Gingivitis, increased probing depth, clinical attachment loss and tooth loss among patients with end-stage chronic kidney disease: a case-control study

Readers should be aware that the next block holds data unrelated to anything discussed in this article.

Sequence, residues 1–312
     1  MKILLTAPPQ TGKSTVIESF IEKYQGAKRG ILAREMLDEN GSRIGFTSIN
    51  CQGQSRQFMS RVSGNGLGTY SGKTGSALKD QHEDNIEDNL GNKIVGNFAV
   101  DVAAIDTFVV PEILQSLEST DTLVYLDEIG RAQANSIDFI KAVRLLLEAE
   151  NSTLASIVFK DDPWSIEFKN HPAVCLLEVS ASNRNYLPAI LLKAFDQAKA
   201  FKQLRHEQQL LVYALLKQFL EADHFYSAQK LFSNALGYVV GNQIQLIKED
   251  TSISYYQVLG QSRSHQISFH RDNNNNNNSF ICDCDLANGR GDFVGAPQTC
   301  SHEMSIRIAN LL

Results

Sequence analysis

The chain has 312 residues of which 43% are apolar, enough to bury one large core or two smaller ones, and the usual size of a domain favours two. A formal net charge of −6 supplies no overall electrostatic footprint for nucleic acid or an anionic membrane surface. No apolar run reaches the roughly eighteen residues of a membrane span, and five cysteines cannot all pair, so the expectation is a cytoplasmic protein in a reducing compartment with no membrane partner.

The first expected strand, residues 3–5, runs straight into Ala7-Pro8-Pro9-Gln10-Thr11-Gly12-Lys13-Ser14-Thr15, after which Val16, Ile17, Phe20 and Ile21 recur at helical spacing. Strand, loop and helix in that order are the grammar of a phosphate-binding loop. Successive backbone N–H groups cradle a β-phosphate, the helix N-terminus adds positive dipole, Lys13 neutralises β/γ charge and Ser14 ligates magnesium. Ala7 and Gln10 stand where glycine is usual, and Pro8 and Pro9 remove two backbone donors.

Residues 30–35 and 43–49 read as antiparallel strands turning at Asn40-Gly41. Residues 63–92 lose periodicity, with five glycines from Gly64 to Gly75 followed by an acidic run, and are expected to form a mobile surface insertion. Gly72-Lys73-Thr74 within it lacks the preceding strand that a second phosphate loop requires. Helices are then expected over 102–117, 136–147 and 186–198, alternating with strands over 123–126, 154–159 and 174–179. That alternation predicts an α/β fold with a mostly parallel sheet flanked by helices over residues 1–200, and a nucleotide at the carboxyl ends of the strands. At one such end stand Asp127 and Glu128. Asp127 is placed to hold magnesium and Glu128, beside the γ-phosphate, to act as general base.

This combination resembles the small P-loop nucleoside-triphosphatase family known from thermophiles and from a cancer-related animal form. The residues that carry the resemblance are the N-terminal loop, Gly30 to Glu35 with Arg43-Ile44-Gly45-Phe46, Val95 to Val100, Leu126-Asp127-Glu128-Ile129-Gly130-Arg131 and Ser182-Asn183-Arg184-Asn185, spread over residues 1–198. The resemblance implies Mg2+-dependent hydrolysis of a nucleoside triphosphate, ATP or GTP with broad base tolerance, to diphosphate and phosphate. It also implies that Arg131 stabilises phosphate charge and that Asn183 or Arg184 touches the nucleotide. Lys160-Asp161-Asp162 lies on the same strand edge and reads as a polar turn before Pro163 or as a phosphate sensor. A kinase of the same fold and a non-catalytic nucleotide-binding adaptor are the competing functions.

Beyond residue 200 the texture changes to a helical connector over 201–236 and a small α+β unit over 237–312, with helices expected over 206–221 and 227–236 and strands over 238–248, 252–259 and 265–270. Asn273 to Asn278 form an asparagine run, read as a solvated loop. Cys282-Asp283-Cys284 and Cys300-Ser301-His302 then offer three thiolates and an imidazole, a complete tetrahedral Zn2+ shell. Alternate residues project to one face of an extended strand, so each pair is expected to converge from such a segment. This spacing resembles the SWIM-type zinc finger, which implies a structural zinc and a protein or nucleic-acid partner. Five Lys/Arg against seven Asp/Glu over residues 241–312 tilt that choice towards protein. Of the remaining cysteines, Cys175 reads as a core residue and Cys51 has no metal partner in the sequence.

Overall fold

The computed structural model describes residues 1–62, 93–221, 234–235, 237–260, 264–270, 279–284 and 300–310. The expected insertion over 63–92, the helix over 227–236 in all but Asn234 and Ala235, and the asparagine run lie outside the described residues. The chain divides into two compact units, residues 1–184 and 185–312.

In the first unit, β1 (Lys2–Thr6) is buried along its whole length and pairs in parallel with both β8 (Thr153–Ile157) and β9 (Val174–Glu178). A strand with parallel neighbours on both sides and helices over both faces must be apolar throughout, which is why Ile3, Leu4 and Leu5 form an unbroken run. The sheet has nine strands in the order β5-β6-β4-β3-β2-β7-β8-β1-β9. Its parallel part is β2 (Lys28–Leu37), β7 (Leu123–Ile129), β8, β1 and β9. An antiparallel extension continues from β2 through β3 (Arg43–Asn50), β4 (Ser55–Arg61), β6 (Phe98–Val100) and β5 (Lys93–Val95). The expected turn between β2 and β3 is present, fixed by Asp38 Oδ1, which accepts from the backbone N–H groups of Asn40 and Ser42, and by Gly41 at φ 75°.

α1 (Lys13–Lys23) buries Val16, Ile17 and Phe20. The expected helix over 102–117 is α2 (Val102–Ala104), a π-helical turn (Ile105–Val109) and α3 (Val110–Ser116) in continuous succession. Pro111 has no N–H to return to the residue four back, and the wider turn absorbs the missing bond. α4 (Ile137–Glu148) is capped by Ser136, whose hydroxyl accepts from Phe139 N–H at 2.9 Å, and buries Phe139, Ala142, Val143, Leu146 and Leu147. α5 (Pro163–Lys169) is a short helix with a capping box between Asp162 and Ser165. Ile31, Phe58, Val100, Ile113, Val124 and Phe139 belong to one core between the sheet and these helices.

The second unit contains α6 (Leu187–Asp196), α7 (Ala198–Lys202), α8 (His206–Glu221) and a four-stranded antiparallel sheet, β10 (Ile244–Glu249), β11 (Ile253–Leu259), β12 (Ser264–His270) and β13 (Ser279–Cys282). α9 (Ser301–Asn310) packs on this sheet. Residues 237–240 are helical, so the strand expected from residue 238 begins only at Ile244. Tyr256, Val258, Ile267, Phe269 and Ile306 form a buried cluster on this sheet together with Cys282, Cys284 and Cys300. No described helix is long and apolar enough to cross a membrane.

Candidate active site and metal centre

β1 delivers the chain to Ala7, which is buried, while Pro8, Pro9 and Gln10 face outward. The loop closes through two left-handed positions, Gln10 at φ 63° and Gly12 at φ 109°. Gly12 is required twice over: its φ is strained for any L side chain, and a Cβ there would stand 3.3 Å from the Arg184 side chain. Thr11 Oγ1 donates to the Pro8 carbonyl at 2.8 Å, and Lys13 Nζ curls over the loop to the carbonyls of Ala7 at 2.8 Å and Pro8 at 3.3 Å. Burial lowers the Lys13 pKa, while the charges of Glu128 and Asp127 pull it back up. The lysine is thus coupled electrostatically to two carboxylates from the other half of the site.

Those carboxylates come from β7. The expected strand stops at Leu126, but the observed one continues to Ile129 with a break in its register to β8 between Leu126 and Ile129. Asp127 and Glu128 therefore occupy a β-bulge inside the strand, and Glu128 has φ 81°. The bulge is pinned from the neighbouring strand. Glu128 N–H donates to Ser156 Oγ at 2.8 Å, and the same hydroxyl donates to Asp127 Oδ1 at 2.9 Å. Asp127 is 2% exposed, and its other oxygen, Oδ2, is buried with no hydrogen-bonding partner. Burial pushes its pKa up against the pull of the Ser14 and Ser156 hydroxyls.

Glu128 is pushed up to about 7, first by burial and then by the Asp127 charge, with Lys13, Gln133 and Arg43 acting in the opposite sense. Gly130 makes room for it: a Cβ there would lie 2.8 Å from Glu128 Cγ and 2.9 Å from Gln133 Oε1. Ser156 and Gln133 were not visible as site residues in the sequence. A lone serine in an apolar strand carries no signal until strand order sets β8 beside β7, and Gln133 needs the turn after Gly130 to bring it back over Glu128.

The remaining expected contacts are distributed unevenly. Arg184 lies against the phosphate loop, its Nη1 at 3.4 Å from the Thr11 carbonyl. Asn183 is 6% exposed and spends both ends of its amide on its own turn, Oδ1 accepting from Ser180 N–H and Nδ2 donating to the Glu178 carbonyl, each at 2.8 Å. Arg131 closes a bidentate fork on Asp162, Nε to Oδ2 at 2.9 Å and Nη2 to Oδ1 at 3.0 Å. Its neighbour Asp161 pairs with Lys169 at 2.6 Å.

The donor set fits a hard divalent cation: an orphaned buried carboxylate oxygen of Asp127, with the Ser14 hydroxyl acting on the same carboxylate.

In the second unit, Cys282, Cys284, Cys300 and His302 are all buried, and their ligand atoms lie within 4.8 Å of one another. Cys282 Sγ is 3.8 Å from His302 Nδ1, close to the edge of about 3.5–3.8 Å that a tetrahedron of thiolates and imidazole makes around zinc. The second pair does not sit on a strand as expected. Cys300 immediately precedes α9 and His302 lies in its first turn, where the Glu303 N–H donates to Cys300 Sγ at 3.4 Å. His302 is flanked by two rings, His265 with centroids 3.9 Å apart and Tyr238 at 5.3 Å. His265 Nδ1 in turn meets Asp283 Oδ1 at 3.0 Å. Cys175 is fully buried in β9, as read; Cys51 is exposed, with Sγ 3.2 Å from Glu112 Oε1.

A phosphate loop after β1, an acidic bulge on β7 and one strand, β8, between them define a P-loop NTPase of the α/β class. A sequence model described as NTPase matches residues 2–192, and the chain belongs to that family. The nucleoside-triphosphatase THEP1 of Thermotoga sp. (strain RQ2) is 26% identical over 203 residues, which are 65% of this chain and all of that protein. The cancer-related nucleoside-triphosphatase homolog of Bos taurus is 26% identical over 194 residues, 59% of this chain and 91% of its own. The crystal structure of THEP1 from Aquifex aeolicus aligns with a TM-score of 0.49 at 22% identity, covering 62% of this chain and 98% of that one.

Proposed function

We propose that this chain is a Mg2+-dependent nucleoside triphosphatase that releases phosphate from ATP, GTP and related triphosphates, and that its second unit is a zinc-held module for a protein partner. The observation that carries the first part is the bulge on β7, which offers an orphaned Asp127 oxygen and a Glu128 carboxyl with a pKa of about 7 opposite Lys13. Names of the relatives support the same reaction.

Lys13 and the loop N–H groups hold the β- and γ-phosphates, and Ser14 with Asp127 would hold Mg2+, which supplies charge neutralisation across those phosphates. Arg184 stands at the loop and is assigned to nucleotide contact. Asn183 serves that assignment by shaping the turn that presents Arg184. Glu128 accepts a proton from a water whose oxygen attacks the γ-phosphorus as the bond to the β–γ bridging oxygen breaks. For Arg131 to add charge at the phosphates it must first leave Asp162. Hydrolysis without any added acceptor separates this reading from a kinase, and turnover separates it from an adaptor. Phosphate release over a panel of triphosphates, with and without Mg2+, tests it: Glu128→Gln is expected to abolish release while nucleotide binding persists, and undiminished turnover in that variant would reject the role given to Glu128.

The origin of indices for recording gingivitis and plaque is reviewed. Each index seems to have been constructed for a special purpose. The development so far has been towards more and more delicately graded indices which are well suited for evaluation of short term clinical trials. The increased sensitively, though advantageous for scientific purpose, is not always practical from a public dental health point of view. It seems that at present there is a need for several different types of index systems. In order to be able to conduct his preventive programs the practicing dentist needs a simple and well defined recording system for oral hygiene and gingival inflammation. Such an index system should be as easy and natural to use as is the scoring of decayed and filled surfaces today. Instead of using individual mean scores of multi-graded plaque and gingival indices, the use of the site prevalence of a single finding is suggested. For recording of gingivitis in daily dental practice the number of gingival margins bleeding on pressure is recommended to be determined as a percentage of the sites examined (Fig. 1,2 and 3). For oral hygiene, correspondingly, the frequency of occurrence of tooth surfaces covered with clearly visible plaque could be used as a clinically relevant parameter (Fig. 4). Keeping visible plaque and gingival bleeding away is also suggested to be a clearly understandable and practical aim in the dental health education of the individual patient.